A to Z in Three - Volatility

The dictionary defines volatility as instability, unpredictability, or explosive nature. You’re probably more familiar with the word being associated with emotions, volcanoes, chemicals, or even the temper of Homer Simpson when there are unexplained missing pink doughnuts.
When we talk about volatility in the stock market, it means the same thing. The only difference is that we’re talking about the unpredictable or erratic nature of prices.
When you hear phrases like, “The Nasdaq 100 is more volatile than the S&P 500” or that  “Google is more volatile than McDonald’s,” it just means their prices jump around a lot more; they are less stable and therefore less predictable from day to day.
To use an everyday example, we can say that gas prices are more volatile than milk prices. You’re pretty sure that the price you pay for a gallon of milk over the next three months will be pretty close to the price you pay today. There is usually not a lot of variation in milk prices from month to month except for maybe a few cents here or there. Milk prices have very low volatility.
However, you’re not so confident about gas prices. The price you pay for a gallon of gas in three months could be far different (whether higher or lower) than what you pay today. Gas prices are highly volatile. 

Most option traders are aware of this basic concept of volatility yet mistakenly believe that the reason for understanding it is to identify which stocks are best for trading options. High volatility does not make for a better option purchase. The reason is that high-volatility stocks have high-priced options. The advantage of volatile sto
ck prices does not come for free anymore than the advantages of owning a Ferrari or an ocean-front home. In other words, if you want the benefit of high-volatility stocks, you must pay for it.

So why bother understanding volatility? The reason professional traders measure and track volatility is because it allows them to identify an option’s value. Everyone knows the price of an option by looking at the quote. That’s easy. But what’s it really worth? That’s the $64,000 question. And that’s what volatility helps to answer. Price and value are two different concepts. As Warren Buffett said, “Price is what you pay. Value is what you get.”
If You Don’t Understand Volatility, you can Lose money on the Option  – Even if You’re Correct about the Stock’s Direction. 

What happens if you pay more for an option than its value? That’s the crucial question to understand. The unnerving answer is that you will lose money on the option – even though you were correct about the stock’s direction.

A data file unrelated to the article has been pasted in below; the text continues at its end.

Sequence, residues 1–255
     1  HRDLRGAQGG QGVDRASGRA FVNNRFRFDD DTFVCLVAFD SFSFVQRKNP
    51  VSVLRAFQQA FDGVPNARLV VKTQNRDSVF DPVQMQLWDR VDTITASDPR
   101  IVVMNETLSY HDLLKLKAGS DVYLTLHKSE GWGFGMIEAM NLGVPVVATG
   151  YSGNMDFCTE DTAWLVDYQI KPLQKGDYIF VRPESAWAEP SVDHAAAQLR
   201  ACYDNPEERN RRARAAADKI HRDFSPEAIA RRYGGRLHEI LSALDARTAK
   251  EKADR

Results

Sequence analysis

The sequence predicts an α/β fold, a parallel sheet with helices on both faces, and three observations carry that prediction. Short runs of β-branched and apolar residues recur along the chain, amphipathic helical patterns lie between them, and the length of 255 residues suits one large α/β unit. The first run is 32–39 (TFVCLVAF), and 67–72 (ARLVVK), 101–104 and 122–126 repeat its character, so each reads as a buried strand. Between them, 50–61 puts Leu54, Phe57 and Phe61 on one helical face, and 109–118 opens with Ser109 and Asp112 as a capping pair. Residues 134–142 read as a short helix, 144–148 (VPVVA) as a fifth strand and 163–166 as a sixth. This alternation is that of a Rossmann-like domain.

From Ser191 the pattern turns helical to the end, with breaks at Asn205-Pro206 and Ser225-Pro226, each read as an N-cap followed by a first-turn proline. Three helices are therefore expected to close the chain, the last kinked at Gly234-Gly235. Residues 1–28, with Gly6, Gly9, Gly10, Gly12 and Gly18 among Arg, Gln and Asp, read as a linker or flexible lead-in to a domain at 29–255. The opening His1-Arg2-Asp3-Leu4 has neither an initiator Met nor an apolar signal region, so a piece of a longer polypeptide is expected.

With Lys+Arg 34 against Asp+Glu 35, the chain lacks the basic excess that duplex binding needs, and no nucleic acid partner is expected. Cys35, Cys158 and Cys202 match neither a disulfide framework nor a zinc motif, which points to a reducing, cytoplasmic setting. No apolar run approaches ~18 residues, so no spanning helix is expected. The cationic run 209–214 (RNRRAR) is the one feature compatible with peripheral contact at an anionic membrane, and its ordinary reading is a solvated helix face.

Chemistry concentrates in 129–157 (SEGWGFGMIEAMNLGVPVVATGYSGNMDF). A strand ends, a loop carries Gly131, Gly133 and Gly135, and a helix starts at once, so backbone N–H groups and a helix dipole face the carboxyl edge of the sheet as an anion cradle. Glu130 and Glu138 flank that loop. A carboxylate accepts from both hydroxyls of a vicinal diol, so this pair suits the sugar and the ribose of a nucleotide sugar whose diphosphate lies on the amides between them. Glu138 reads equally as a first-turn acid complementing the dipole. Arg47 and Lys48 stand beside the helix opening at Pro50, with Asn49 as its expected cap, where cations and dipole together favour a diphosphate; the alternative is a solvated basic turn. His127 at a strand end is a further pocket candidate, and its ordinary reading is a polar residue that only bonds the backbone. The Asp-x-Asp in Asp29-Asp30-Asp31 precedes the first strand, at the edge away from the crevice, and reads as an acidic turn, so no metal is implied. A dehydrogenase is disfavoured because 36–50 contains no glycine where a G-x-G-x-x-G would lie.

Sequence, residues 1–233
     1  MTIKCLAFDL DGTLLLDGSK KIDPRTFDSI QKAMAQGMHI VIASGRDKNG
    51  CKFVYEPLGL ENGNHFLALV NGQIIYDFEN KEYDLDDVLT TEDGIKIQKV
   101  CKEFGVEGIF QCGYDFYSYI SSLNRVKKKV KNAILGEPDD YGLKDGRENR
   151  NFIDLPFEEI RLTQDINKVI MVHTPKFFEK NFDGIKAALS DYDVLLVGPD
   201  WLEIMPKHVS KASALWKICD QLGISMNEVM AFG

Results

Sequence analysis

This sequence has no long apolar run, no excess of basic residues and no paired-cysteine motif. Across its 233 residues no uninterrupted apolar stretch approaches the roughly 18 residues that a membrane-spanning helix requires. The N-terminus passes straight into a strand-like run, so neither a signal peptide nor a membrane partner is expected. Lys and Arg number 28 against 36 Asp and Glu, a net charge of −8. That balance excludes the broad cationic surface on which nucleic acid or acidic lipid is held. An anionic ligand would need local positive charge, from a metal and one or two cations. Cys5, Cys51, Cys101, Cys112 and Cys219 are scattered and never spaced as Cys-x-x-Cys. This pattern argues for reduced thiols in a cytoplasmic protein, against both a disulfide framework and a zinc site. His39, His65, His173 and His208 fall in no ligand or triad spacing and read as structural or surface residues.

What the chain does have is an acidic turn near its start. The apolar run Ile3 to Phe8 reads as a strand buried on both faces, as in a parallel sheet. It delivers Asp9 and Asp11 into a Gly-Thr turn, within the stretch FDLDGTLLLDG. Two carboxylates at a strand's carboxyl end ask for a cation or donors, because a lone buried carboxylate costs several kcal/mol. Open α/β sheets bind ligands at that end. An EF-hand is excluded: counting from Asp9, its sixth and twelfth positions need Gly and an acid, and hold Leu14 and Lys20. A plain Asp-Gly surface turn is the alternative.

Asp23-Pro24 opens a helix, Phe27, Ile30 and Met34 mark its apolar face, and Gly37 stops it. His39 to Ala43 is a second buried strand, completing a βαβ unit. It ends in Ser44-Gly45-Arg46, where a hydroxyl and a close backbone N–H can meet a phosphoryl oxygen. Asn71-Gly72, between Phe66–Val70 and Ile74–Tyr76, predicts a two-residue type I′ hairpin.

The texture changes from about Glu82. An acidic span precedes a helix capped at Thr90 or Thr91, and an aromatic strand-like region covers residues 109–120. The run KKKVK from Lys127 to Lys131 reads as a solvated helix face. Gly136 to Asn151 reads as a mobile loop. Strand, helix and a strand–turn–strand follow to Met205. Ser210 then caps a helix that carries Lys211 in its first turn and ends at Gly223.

Most option traders have encountered this frustrating experience at some time. They buy a call, the stock price rises, but the option loses value. They often attribute this bizarre behavior as a proof that option prices are manipulated behind the scenes. The reality is that they simply paid too much for the option. The option’s price was greater than its value. And the answer would be plainly visible if they understood volatility.
Market makers do not set prices. Market makers post prices on the quote board according to order flow. The market – investors like you and me – sets the price. The market maker just records it.
But sometimes investors place prices on options that are far different from the value. Those moments can be traps. They can be opportunities. And only through the eyes of volatility will you know which is occurring.
Our three-day volatility course takes you on a journey through the basics – from A to Z – of volatility. We’ll demonstrate with a simple example in the class how easy it is for prices to stray from value. You’ll understand the definitions and mechanics. You’ll know how to look up and measure volatility. At the end, you’ll know how to separate an option’s price from its value.
If you’d like to sign up for this valuable course, you can find it for $199 in thebookstore (A to Z in Three - Volatility). 

If you have further questions, please email 
bill@optionsAtoZ.com or call 561-282-9455.

Bill Johnson

President, Options A to Z

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